Dealing with a Stalker

It’s a little after midnight and you’re headed for bed. You’re drowsy, feeling peaceful, and you decide to check your email one last time. Or maybe you reach for the living room drapes to draw them closed before you call it a night. And there he – or she – is again. Monitoring your activities. Standing on your street and watching you or sending you messages. Trying to claim your attention and be a part of your life. That person is stalking you.

Stalking is the supreme invasion of your privacy. Someone moves into your personal space, even by inference. You never know when he’ll call, when he’ll follow you, or when he’ll stand on the curb on the other side of your street, studying your door. He’s always there, because he might be there. You live in fear of what he might do if he decides that emails, phone calls and watching you aren’t enough to satisfy him anymore.

Statistics on Stalking

According to the National Institute of Justice, a whopping majority of known stalkers are men — 87 percent. Odds are, you know him or have met him before, at least once. He’s your former partner, or he’s a perfect stranger with whom who you merely crossed paths. Maybe you had the great misfortune of smiling at him absently as you held the door for him at your local convenience store. You barely noticed him, but he noticed you, and your smile meant something to him. Your smile put you on his radar, even if you were thinking of something else at the time.

More likely, though, he was once an intimate part of your life. Among women who have reported stalking complaints, 77 percent say they were once involved with the man who followed or tormented them.

What You Can do About a Stalker

Whether you want your relationship to be over so you can move on, or if you unwittingly sparked the interest of someone as you grabbed your morning coffee, your stalker’s effect on you is the same. He’s out there in the shadows, waiting and watching, and that’s terrifying. It takes control of your life, because you know you’re never really safe.

The worst possible thing you can do is ignore that. Your stalker is probably not going to go away of his own volition. You need to fight back. You have the right to reclaim your life.

You might be afraid that the police won’t take you seriously if you go to them, but they almost certainly will. Stalking is a crime in every state. The United States Department of Justice even made cyberstalking a crime in 1999. Law enforcement considers computer contact and electronic stalking as much of a legitimate threat as physical stalking.

Realistically, your local police department is not going to be able to put an officer on your door 24/7. This doesn’t mean they don’t believe you. It means they don’t have the manpower. It’s up to you to make sure you’re rarely alone while law enforcement takes steps to resolve your situation. If your home will accommodate it, adopt a dog from the pound. You don’t want a puppy — it will take too long for it to grow into something big and strong enough to protect you. A larger, adult dog might also bond with you more quickly. You’ve saved it from a bad situation, and on some level, it knows that. You’re feeding it and keeping it safe and warm. After a few weeks, it will probably lay down its life if someone tries to hurt you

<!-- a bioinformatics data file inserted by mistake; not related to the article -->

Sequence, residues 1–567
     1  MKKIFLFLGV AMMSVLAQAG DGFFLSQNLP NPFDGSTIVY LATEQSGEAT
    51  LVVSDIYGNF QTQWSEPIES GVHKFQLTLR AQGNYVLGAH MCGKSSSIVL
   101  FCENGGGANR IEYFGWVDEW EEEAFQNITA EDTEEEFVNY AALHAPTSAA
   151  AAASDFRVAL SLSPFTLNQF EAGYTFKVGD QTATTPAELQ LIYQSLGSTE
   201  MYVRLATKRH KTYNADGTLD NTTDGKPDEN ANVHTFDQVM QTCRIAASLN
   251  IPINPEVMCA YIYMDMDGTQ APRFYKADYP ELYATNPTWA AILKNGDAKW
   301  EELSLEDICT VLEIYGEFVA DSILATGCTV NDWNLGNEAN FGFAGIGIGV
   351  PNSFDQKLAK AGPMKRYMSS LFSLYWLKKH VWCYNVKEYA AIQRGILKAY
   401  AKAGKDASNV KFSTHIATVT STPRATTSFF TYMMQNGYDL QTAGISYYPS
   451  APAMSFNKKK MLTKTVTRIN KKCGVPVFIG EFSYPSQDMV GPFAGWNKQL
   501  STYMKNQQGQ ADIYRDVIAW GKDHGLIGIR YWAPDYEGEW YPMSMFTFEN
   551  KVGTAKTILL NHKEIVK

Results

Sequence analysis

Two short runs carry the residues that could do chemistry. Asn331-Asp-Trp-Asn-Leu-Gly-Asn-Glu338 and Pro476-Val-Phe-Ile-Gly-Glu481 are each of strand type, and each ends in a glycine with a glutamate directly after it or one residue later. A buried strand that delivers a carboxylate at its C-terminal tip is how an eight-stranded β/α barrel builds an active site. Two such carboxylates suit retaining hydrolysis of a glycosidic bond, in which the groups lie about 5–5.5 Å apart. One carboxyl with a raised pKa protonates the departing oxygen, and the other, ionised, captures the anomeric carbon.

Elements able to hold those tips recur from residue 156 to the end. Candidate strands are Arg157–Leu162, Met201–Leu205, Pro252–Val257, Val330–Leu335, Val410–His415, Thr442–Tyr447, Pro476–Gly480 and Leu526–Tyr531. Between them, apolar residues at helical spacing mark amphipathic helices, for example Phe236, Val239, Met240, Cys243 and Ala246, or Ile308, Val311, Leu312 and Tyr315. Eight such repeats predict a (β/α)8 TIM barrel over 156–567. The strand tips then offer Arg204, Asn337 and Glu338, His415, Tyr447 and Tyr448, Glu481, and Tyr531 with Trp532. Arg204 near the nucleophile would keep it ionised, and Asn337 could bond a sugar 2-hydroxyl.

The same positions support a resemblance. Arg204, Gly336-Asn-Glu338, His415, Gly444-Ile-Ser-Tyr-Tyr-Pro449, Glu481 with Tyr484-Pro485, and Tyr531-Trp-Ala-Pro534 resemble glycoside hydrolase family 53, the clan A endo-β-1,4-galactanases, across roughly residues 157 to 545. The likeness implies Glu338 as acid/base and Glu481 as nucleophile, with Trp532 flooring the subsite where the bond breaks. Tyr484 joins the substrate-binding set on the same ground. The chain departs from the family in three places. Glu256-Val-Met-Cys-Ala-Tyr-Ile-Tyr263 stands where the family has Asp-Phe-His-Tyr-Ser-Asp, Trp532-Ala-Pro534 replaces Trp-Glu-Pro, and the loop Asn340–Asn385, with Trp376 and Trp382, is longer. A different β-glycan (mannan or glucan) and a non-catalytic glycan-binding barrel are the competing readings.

What if you hate dogs, or if you simply don’t have time to care for one? All is not lost. If you can afford one, install an alarm system into your home. Bring in a roommate. Tell your friends and family what’s going on and develop a buddy system. The important thing is that you are rarely alone until your stalker is apprehended.

While you’re protecting yourself, gift-wrap your case for the police. Call your telephone company. If your stalker regularly contacts you by phone, you can arrange to report each call. When you receive a call, you can immediately punch a code into your phone so the company can log in the time. In many cases, the company can even identify where the call originated.

If your stalker is contacting you by email, save each and every one to a flash drive or disk. Give it to the police weekly.

If your stalker is following you physically, call law enforcement whenever you spot him. Invest in a camera and photograph him. You can create a record of what he doing, even if your stalker is gone by the time police officers arrive.

If you can locate a support group of others who are or have gone through the same thing you’re dealing with, they’ll have suggestions as well, actions they took to fix their own situations.

You are not powerless. You are not your stalker’s victim. The police won’t think you’re crazy. Reach out and get help on your side.

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